- The Washington Times - Friday, April 5, 2002

ASSOCIATED PRESS

In an unusually bitter and public dispute among scientists, the journal Nature says it should not have published a study concluding that DNA from genetically engineered corn contaminated native maize in Mexico.

"Nature has concluded that the evidence available is not sufficient to justify the publication of the original paper," editor Phillip Campbell said in a terse message in the latest issue of the distinguished journal.

However, Mr. Campbell stopped short of retracting the original paper, which was peer-reviewed and published in November. Instead, Nature printed two harsh new criticisms of the work, as well as a defense by the researchers that included new data.

Mr. Campbell wrote that Nature would allow its readers "to judge the science for themselves." Nature said Mr. Campbell was on vacation and the journal would have no further comment.

In their study, David Quist, a graduate student at the University of California at Berkeley, and microbial ecology professor Ignacio Chapela reported that genes from laboratory-altered strains of corn, which Mexico banned in 1998, had found their way into native corn growing in Oaxaca. The researchers' findings had heightened fears about risks from genetically engineered crops.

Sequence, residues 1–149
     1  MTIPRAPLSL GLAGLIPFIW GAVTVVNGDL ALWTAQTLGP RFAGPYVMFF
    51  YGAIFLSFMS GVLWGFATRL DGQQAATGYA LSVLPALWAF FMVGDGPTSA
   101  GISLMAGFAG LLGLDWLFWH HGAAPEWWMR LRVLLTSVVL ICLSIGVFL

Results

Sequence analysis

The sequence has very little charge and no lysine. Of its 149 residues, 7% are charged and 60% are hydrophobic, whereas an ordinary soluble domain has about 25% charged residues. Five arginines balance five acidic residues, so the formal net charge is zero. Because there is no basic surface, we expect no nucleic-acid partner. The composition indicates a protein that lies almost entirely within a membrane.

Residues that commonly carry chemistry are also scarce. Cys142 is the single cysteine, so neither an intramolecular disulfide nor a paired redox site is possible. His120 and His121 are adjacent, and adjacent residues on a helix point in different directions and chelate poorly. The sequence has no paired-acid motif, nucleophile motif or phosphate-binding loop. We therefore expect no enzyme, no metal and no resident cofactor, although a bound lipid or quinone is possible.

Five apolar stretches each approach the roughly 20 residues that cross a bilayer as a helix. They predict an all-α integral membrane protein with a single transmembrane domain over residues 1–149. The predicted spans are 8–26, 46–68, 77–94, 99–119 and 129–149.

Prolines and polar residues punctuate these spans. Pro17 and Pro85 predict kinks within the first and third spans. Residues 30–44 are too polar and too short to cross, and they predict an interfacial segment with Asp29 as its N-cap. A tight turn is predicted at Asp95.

Critics primarily suggested the researchers misidentified sequences in the maize genes and mistook them for genetically modified material.

"The Quist and Chapela study is a testament to technical incompetence," said Matthew Metz of the University of Washington, a co-author of one of the two criticisms. "Evidence for the presence of transgenic DNA in Mexican maize remains dubious and empirical."

"Since Quist and Chapela published bad science in Nature, both scientists and Nature must come absolutely clean, retract and apologize. There is no other issue," said geneticist Michael Freeling, also of Berkeley and a co-author of a critical letter published by Nature.

Additionally, Nature arranged for three more scientists, all unidentified, to review the criticisms, the original paper and the additional material supplied by the authors.

All three concluded that technical errors marred the research. Only one called for a retraction; the others said that genetically modified corn is probably growing in Mexico, but that scientific proof is still lacking.

The study's authors conceded only minor interpretive errors.

"We certainly stand by our original, main statement and I have yet to see anyone challenge it legitimately," Mr. Chapela said.

Technology advocates described the article as a "full-blown distortion" that Nature's reconsideration does not completely erase.

"It will be very difficult to uproot the misperceptions that have been sown in the public's mind," said Lisa J. Dry, spokeswoman for the Biotechnology Industry Association in Washington.

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